Saving for the future

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View transcript for saving for the future video

Paying off debt as fast as you can may seem like the best way to get ahead. But that game plan could leave your finances at a permanent disadvantage down the road.

Saving for later and paying off the past doesn't have to be an either/or proposition. Doing both just takes some planning.

So how can you do it?

  • Make sure you're contributing enough to your 401(k) or other retirement plan you have through work to get the employer match.
  • Try to pay off nondeductible debt (like credit cards) as fast as you can while still contributing to your retirement savings plans to get the match. 
  • Consider paying your deductible debt (such as student loans or a mortgage) as scheduled ‒ based on the length of the loan.

Why not put all your "extra" money toward paying off debt? Though it's a personal decision, starting early with investing could benefit you in the long run. Consider this: Investing the same amount each month, you could end up with over $300,000 more if you start investing at age 30 instead of 35.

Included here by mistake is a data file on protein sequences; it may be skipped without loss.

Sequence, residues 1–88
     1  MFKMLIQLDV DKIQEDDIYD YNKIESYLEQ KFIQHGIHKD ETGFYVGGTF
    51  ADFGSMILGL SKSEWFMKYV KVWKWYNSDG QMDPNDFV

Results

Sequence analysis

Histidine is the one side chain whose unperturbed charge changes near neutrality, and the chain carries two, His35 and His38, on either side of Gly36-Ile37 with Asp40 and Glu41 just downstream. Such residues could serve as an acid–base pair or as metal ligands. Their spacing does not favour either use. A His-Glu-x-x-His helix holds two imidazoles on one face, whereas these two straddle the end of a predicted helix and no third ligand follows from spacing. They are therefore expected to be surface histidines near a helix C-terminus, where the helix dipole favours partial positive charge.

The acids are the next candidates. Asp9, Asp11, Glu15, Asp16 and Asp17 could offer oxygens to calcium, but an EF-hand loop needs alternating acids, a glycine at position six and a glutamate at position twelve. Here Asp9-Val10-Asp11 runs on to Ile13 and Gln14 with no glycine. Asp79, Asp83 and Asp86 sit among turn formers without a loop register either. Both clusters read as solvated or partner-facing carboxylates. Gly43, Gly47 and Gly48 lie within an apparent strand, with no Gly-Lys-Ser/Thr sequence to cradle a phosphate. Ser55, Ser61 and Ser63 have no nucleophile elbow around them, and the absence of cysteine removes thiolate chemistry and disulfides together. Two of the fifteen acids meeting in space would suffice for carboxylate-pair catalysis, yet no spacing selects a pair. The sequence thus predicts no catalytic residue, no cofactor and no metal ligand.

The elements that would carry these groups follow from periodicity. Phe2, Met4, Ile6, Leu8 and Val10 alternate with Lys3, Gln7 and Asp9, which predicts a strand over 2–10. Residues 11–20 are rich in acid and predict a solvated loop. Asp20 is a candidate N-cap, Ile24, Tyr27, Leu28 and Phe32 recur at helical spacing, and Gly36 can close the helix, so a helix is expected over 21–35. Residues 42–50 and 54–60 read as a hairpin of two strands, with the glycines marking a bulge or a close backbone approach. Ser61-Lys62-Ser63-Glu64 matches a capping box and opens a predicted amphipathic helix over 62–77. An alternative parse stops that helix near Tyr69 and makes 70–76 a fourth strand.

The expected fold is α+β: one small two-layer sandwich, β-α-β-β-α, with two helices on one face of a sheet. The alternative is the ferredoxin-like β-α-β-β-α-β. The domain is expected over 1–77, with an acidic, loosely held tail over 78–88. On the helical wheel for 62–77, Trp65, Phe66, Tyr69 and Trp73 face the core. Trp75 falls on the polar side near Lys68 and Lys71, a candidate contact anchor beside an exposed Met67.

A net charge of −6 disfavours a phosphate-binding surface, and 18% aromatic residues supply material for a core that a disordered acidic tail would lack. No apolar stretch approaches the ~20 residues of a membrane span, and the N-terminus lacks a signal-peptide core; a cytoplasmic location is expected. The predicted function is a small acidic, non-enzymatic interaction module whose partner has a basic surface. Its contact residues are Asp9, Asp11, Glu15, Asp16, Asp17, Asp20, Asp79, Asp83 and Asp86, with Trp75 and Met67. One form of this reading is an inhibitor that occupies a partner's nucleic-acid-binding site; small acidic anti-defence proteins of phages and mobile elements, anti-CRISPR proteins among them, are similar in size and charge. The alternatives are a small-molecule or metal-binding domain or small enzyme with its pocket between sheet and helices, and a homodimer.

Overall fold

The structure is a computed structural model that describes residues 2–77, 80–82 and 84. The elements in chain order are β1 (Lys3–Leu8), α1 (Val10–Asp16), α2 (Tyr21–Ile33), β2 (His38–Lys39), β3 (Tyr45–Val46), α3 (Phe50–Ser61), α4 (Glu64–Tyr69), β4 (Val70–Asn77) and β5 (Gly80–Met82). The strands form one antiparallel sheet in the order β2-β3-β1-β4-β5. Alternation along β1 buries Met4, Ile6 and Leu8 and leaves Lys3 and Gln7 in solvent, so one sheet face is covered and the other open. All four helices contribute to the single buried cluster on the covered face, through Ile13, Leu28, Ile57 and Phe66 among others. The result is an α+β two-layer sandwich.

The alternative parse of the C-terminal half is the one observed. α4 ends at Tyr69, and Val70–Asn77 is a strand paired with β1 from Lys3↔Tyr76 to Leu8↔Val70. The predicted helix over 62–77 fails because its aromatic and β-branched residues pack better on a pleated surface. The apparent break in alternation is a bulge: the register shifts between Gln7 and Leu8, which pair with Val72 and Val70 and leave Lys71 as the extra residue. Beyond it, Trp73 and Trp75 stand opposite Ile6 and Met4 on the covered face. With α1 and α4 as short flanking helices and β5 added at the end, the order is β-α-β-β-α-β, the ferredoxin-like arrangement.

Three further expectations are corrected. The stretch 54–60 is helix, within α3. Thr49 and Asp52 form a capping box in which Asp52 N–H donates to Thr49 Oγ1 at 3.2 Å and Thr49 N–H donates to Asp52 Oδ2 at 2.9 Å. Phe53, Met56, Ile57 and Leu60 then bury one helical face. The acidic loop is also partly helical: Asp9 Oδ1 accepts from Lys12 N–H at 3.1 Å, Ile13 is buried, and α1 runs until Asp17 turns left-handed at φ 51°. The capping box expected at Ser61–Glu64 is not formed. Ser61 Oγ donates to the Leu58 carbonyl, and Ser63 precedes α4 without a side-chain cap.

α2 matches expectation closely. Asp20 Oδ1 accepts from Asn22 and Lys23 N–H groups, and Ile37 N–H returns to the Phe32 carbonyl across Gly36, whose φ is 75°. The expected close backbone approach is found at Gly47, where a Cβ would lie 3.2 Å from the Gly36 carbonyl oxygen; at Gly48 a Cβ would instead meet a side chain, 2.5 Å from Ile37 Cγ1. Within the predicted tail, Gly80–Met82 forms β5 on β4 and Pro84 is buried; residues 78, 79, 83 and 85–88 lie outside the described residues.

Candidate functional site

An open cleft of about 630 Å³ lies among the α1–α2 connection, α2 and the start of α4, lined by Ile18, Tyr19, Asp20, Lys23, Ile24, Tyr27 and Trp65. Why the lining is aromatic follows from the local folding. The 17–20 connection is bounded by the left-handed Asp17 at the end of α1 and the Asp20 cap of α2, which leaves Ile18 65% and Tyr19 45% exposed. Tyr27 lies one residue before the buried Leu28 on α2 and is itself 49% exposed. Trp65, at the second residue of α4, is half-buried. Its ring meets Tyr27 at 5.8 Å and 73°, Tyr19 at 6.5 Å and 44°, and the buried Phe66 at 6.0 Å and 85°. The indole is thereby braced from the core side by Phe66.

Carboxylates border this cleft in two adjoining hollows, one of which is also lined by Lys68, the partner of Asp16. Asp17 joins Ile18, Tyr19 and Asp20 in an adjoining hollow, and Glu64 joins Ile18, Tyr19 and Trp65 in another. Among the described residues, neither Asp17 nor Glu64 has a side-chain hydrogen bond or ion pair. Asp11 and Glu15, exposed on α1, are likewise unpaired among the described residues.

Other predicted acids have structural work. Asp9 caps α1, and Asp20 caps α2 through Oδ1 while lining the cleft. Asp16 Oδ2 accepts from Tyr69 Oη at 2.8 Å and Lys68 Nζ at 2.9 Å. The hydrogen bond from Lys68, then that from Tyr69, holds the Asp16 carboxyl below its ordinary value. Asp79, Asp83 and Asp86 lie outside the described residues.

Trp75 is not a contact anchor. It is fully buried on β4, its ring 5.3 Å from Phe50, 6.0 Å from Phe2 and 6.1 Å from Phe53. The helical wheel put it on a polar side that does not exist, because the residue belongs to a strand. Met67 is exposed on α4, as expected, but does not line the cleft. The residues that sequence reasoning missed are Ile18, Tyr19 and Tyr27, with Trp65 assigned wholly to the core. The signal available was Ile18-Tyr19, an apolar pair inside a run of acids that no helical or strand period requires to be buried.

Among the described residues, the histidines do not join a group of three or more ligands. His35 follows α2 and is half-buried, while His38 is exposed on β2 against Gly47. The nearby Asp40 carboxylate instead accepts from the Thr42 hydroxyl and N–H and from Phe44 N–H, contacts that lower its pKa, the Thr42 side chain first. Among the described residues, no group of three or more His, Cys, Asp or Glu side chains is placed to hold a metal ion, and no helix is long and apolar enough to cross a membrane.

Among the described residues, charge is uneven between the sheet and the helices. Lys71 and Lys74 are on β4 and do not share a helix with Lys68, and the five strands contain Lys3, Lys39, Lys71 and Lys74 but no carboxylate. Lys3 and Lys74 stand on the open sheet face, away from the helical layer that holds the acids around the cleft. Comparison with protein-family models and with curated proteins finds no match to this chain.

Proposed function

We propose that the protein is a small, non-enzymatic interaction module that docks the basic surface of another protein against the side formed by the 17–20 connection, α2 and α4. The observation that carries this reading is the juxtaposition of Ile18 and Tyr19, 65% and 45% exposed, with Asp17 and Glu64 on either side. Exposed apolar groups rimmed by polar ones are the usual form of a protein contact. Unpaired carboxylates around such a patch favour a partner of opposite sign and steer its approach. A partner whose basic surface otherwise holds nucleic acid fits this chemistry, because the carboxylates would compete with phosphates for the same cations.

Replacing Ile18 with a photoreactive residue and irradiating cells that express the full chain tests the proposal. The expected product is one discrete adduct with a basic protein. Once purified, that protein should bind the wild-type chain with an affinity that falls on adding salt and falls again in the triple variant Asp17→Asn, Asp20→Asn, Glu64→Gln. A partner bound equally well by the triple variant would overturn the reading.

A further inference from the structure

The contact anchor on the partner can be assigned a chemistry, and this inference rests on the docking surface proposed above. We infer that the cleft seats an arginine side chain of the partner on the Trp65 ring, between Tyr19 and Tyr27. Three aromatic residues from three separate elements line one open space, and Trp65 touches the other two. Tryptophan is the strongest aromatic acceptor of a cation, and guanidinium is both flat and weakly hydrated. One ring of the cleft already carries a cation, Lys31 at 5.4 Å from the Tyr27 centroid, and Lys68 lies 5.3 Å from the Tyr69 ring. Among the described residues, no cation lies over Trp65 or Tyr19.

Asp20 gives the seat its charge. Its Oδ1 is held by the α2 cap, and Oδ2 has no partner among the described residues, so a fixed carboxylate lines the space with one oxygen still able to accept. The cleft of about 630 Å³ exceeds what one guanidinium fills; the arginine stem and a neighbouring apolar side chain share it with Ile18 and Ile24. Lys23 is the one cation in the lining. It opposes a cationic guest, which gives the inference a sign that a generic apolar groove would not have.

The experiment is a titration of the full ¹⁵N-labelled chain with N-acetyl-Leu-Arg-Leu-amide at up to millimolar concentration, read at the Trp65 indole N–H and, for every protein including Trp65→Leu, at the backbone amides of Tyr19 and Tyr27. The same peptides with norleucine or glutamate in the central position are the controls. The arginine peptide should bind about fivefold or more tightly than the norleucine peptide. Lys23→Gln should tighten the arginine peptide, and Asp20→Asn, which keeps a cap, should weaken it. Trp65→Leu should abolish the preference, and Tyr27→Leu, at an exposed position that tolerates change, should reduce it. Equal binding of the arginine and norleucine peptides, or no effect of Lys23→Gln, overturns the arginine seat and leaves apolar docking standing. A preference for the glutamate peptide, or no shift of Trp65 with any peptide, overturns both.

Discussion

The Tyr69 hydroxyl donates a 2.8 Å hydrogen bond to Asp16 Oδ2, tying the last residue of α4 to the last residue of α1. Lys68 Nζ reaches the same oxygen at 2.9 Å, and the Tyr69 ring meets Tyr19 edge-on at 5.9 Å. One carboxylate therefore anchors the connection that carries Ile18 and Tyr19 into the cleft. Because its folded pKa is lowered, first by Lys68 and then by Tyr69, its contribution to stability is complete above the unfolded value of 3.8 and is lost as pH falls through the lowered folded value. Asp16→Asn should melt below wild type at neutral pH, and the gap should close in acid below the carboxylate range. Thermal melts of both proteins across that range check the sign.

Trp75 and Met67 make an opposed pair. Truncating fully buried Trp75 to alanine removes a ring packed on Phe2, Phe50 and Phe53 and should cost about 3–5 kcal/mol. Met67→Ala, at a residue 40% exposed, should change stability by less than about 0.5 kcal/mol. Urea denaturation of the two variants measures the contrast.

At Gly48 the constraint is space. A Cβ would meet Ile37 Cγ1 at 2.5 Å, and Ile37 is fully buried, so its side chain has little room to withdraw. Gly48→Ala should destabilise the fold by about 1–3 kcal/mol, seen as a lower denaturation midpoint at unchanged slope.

Credit scores can range from 300 to 850, according to Fair Isaac Corporation (FICO®), the developer of today's most commonly used scoring system. Most people score in the 600s and 700s, and scores break down along these lines:

The Cost of Waiting to Save

Source: Edward Jones. Assumes investing $550 per month and a 7% average hypothetical annual return. This example doesn't include taxes, fees and commissions, which would reduce the return. Figures rounded to the nearest $5,000. This example is for illustrative purposes only and does not reflect the performance of a specific investment.

This bar graph shows if you invest the same amount each month (example shown assumes investing $550 per month with a 7% average hypothetical annual return), you could end up with over $300,000 more if you start investing at age 30 instead of age 35. If you start at age 30, you'll have $990,000 at age 65; if you start at age 35, you'll have $670,000; if you start at age 40, you'll have $445,000; if you start at age 45, you'll only have $285,000 at age 65.

However you decide to tackle your finances, it makes sense to learn more about how investing can get you to where you want to be.